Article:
Stan could become a premium platform for content of which some is broadcast on Nine later. That would be a similar approach to when Australian FTA broadcasters would buy US content months after it was broadcast in the US – to save on costs.

For an Australian service to compete, a better solution would be a combined approach, an all-Australian streaming service that combines the strengths and finances of the Australian media industry.

The Freeview app is an example of how Australian television has tried to work collaboratively but failed. The users can view all the catch-up content from Australian broadcasters, but to view it they are taken from the app to the specific broadcasters’ own catch-up apps.

This requires six apps in total to be installed to view all catch-up content.

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The Conversation

But is the Australian media industry willing to come together to fight against global streaming media companies, or will they continue to battle each other? Failure here could result in a further decline in Australian media.

Marc C-Scott, Lecturer in Screen Media, Victoria University

This article was originally published on The Conversation. Read the original article.

Starter’s gun goes off on new phase of media concentration as Nine-Fairfax lead the way


Tim Dwyer, University of Sydney

The Nine-Fairfax Media deal, billed as the biggest shakeup in the Australian media landscape for decades, was widely anticipated once the Turnbull government repealed the main anti-concentration laws in 2017. It may well result in the loss of a highly respected independent quality media voice. It has certainly fired the starting gun on a new phase of media concentration.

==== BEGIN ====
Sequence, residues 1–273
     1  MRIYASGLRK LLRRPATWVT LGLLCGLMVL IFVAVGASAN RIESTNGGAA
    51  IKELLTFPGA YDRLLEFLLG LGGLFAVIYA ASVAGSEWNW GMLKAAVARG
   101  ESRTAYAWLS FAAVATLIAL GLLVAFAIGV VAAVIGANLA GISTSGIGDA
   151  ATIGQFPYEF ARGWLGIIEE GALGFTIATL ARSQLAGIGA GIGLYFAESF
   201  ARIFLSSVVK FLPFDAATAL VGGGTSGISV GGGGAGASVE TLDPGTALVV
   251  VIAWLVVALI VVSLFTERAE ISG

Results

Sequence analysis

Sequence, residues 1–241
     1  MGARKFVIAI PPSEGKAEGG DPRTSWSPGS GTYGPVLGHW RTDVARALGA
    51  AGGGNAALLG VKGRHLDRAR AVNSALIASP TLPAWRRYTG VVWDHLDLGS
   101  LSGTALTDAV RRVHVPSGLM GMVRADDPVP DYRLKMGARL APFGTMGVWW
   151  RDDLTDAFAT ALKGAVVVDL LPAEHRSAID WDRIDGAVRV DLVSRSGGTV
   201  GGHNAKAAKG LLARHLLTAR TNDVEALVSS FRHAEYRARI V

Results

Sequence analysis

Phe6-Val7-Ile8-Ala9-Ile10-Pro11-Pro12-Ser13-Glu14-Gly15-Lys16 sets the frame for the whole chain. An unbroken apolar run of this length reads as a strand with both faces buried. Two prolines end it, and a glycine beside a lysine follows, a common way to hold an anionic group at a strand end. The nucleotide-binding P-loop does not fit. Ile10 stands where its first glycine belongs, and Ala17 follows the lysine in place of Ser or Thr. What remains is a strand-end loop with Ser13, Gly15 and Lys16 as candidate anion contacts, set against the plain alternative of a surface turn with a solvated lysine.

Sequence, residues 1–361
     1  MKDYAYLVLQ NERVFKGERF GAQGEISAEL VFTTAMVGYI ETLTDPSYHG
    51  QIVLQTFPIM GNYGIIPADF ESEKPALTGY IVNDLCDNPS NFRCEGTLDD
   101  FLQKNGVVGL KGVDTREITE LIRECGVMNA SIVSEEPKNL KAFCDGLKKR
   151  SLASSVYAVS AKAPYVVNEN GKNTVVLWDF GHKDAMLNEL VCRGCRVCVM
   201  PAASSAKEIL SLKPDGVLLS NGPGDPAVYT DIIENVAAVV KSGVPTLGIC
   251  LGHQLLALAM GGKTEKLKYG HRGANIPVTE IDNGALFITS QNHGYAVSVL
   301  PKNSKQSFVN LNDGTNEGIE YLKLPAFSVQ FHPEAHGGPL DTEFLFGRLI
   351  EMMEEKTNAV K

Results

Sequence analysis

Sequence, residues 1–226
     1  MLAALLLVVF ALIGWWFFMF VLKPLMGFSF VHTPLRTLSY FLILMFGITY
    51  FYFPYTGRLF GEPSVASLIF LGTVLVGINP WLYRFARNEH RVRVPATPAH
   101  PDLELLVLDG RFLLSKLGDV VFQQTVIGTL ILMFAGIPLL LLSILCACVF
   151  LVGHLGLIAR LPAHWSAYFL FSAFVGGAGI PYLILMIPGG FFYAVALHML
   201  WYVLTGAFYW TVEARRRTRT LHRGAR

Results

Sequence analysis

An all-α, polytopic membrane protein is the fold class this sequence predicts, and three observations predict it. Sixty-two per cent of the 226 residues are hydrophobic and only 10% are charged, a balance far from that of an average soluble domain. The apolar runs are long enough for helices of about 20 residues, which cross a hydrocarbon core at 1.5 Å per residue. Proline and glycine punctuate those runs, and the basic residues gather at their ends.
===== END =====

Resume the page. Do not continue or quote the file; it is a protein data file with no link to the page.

It’s the latest and arguably the most dramatic episode in the media concentration saga in Australia. This is already among the most concentrated media markets in the world, behind countries like China and Egypt. These developments signal that media diversity policies need a major overhaul to take account of the impact of the media-tech platform giants on traditional news media businesses.




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In many ways this by now widely telegraphed process of media convergence has been the strategy of two of Australia’s largest legacy media companies to survive a bit longer against the onslaught of the Silicon Valley FAANG (Facebook, Amazon, Apple, Netflix and Google) behemoths. If approved it will create Australia’s largest media company – and presumably the loudest private media voice with the most political clout in the country.

Former prime minister Paul Keating notes that this could have been predicted from the first implementation of cross-media rules back in the late 1980s. Communications Minister Mitch Fifield says he’s “ownership agnostic” – if we can just park the fact that it was the government’s horse-trading efforts directed towards crossbench senators that led to precisely this outcome. And the Coalition and its supporters would welcome regulatory approval of the deal by the Australian Competition and Consumer Commission (ACCC).

Many believe that subsuming Fairfax Media will assist in muzzling the edgier, more critical journalism in the group’s mastheads and generally advance an editorial position that is favourable to the government. After all, former Coalition treasurer Peter Costello chairs the Nine board. In the lead-up to a federal election in 2019, the timing could not be better for the conservatives.




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Clock’s ticking for local news

The deal, if it goes forward, has also fired the starting gun on a process of further dismantling media in the bush. As print media audiences are reaching their expiry dates, we can expect to see the loss of important local newspapers such as the Newcastle Herald and the Launceston Examiner.